It's been 22 mos. since I made the diet change. No going back to the std. gluten-filled diet for me! I've celebrated the first two pain-free Christmases of my life that I can recall. My spastic colon, constipation, incapacitating gut flares, headaches, and rectal pains are history.
On testing, I did not show any of the three categories of antibodies (IgE, IgA, IgG) to gluten that my kids had, so I have no idea why the diet worked for me. But it did.
The GF diet has a steep learning curve. To be successful, you must eliminate every trace, every speck of gluten, down to the "parts per million" level. That means never-ending label reading (wheat, barley, & rye all must go, in every tricky chemical incarnation). It means checking not only food, but also beverages, meds, vitamins & herbs, etc., cosmetics, art supplies, drywall compound & wallpaper paste. It means avoiding cross-contamination with crumbs (cleaning rags, cupboards,toasters, butter dish, PB jar etc.) & airborne flour. It means never again licking an envelope. It means that eating-out options are limited, and that you can NEVER cheat.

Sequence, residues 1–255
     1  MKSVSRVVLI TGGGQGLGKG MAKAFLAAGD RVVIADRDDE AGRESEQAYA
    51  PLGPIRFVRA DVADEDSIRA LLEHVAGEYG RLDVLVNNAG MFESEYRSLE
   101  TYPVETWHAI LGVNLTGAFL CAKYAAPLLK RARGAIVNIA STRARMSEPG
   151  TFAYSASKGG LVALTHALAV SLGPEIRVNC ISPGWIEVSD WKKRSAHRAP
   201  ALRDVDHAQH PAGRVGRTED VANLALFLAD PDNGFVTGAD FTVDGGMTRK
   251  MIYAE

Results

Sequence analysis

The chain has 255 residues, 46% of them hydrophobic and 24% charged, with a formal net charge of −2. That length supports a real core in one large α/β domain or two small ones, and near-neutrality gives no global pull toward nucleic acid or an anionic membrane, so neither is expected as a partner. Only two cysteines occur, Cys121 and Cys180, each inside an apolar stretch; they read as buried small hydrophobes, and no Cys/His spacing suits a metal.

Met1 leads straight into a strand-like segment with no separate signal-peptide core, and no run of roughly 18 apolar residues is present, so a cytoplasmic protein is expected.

A gluten-free diet is unlike any 'diet' most of us have ever been on. NO ONE is prepared for the rigor & time committment that it takes at first, but with experience, it all becomes second nature. I found my local Gluten Intolerance Group absolutely invaluable in getting up to speed on the diet. I had problems shopping, cooking, baking, finding recipes, working with schools, and social/emotional issues that were comfortably addressed in the supportive small group setting.